INDIANAPOLIS, Ind. – Thirty-three tons.
That’s how much trash city crews collected from the Martindale-Brightwood neighborhood on Thursday.
It would’ve been the second-largest haul for one neighborhood, behind the 34 tons collected in Riverside in May, if city workers hadn’t already done an early sweep in July in preparation.
Both trash sweeps together totaled almost 60 tons of furniture, tree limbs and heavy trash just from Martindale-Brightwood.
The city has removed more than 160 tons—about the same weight as 70 to 80 compact cars—since they started monthly sweeps in March.
“Every time you turn around, somebody decides that, ‘Hey, this seems like a good spot for me to dump my trash and keep moving,’” said Amy Harwell, One Voice Martindale-Brightwood’s president.
Harwell has harsh words for the people who illegally dump trash in her neighborhood. She says it’s primarily landlords and property managers who use her community and others as a junkyard.
“Why are you trying to make our community look like the trash dump, while yours is pretty?” asks Harwell.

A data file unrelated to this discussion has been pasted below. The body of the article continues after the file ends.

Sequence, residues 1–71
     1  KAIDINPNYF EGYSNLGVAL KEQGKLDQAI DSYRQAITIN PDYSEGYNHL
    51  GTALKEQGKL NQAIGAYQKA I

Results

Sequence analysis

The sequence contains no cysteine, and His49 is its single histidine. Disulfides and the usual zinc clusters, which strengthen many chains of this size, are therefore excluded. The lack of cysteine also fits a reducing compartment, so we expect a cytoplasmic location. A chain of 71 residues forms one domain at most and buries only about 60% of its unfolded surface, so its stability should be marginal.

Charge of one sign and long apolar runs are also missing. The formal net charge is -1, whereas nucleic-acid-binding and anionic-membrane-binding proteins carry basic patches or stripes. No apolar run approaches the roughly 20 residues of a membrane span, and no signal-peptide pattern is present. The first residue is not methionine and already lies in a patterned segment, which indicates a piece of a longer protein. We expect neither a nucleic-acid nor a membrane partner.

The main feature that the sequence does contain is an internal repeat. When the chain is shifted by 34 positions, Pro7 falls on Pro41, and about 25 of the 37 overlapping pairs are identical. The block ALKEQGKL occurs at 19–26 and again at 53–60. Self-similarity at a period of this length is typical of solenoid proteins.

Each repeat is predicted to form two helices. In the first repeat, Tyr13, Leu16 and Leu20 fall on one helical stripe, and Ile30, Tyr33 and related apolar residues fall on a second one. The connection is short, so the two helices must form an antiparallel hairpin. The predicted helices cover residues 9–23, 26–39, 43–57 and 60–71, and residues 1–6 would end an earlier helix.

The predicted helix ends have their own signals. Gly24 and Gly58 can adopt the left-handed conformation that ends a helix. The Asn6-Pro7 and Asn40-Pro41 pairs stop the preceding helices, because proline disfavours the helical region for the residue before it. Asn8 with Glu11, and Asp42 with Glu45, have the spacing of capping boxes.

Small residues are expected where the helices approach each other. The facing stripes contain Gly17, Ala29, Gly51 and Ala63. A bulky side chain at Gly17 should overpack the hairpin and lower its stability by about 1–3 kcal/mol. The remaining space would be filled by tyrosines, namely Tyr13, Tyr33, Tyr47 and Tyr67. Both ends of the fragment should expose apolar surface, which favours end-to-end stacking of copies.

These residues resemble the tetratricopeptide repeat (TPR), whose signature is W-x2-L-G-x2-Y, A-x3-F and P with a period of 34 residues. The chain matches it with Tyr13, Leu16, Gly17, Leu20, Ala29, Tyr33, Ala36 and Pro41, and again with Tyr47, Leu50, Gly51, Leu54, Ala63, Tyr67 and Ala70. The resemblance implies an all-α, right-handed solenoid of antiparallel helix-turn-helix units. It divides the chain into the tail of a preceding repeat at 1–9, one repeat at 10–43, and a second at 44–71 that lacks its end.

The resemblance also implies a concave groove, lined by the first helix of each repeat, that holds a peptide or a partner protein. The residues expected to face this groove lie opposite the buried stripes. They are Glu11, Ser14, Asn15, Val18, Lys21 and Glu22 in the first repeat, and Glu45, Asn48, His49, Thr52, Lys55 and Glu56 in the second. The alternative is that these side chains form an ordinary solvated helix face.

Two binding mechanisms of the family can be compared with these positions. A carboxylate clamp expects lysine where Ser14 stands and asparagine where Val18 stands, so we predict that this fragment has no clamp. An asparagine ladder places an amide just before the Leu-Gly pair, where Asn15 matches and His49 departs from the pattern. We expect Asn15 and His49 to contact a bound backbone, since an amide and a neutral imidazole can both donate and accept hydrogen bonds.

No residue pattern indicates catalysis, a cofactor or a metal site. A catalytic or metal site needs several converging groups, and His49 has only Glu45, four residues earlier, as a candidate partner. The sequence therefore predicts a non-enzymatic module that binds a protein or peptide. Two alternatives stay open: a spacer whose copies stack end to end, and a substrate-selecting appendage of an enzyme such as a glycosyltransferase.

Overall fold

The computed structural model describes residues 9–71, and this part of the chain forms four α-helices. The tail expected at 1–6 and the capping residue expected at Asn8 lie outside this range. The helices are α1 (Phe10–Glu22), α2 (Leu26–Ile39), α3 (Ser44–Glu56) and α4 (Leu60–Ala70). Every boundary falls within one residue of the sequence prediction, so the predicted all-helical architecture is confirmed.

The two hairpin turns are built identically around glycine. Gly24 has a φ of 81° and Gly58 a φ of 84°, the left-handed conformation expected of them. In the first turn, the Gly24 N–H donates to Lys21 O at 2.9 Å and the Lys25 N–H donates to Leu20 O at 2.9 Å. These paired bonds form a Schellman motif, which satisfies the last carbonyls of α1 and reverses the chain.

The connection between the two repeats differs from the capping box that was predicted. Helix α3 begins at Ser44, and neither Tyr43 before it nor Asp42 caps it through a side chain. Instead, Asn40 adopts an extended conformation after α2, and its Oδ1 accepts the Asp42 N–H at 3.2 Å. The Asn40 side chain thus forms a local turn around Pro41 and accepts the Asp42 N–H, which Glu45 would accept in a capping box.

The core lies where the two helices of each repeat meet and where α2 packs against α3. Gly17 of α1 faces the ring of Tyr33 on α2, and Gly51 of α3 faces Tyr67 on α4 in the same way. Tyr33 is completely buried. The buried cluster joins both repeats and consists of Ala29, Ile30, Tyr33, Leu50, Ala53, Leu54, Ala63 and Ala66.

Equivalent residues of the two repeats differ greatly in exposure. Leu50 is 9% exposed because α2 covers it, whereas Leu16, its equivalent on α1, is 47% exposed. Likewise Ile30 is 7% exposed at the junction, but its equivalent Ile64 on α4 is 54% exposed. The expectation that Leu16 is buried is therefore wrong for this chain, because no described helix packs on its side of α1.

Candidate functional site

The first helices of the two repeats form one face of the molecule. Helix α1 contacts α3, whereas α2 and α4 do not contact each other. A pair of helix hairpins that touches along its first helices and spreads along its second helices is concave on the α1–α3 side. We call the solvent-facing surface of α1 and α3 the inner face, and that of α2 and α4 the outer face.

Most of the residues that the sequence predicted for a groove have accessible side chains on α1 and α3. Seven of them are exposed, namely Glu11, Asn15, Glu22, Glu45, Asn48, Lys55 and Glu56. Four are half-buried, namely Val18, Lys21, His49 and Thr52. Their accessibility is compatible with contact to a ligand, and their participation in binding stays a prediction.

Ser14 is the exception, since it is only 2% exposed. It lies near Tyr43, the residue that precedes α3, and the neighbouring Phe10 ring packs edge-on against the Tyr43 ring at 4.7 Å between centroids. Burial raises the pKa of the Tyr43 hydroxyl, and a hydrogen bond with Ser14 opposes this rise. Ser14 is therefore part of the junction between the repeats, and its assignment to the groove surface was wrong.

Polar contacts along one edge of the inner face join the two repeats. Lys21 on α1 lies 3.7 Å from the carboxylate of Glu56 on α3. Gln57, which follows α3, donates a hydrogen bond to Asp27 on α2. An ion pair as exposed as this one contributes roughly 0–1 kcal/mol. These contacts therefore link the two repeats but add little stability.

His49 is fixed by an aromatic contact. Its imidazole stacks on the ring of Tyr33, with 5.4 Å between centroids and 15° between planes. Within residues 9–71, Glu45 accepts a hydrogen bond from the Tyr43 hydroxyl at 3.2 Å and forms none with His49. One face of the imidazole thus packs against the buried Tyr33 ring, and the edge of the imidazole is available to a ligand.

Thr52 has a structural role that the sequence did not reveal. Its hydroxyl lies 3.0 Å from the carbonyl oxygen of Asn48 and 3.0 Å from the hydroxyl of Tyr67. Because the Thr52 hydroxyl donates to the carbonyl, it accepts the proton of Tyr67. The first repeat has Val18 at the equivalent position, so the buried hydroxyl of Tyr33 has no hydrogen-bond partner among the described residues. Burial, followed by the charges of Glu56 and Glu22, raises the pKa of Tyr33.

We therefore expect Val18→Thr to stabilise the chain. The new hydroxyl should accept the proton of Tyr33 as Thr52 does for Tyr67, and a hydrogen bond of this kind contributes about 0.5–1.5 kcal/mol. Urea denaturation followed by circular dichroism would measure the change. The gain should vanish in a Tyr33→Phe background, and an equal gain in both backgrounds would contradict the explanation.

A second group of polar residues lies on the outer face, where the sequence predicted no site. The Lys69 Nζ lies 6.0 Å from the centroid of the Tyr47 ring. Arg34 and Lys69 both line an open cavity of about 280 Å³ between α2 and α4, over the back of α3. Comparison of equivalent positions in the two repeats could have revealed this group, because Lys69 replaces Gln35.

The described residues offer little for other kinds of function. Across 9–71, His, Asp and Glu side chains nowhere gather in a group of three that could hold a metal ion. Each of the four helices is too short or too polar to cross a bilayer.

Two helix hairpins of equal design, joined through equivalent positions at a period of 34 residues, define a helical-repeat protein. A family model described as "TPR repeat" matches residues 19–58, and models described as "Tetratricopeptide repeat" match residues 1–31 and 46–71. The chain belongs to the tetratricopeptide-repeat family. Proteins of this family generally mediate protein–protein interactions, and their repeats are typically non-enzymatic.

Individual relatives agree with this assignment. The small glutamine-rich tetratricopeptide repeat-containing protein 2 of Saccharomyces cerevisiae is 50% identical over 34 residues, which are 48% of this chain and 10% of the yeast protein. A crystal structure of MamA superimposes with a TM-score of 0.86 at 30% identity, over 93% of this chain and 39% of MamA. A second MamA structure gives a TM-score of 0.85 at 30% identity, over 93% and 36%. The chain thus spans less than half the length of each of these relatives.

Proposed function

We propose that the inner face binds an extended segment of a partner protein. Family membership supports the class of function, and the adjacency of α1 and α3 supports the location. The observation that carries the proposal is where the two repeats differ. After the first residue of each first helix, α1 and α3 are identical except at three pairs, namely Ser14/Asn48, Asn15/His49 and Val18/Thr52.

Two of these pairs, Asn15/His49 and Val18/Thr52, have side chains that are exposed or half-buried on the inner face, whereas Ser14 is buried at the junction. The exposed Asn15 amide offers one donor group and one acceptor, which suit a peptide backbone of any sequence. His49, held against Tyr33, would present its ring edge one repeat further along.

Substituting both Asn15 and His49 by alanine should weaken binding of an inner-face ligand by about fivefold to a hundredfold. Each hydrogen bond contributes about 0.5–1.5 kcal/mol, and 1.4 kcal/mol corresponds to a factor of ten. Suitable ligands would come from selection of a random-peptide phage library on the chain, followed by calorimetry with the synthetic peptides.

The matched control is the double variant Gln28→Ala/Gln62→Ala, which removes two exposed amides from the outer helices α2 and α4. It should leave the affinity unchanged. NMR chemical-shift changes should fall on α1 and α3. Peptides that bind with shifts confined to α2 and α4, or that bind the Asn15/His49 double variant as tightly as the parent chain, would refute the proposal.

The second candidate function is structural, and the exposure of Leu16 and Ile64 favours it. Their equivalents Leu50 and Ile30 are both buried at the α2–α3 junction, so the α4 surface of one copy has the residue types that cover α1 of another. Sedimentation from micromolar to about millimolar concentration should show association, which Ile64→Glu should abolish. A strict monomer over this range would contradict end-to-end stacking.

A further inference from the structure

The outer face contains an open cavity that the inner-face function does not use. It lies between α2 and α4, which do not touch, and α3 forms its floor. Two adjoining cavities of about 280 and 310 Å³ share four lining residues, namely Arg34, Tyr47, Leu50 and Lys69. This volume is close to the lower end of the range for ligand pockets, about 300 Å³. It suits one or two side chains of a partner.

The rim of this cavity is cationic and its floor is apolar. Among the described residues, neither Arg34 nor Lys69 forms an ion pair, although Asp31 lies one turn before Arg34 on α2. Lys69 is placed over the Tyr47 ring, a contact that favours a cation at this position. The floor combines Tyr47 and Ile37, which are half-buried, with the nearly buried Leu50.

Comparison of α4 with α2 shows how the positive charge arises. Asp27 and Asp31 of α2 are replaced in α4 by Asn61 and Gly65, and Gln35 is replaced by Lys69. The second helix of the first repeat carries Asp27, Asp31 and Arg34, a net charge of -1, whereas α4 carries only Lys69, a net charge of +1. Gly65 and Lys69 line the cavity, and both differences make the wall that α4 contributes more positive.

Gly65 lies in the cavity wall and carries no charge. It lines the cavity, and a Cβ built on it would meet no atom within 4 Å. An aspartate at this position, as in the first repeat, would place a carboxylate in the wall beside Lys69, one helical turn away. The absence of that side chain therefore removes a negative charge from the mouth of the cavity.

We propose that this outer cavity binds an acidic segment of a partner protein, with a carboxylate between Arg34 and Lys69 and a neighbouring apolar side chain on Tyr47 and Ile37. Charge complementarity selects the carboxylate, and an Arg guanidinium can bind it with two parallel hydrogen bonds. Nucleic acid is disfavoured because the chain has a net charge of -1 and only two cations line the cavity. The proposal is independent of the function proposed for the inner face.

Harwell says she doesn’t think the illegal trash dumping will stop until neighbors and the city catch the worst offenders.
“When you get one of them and slap it on, I think they will learn the lesson and spread the word out for the others,” said Harwell. “Don’t take no chances with that community because they’re out for you.”
The city does fine violators that they’re able to catch. Depending on the amount of trash and disposal costs, that fine can range between $75 and $2,500.
City records show they’ve collected more than $260,000 from the violators caught for dumping in 2016.
More fines may soon be on the way.
The Mayor’s Action Center received almost 900 calls for illegal dumping through the first 29 days of August.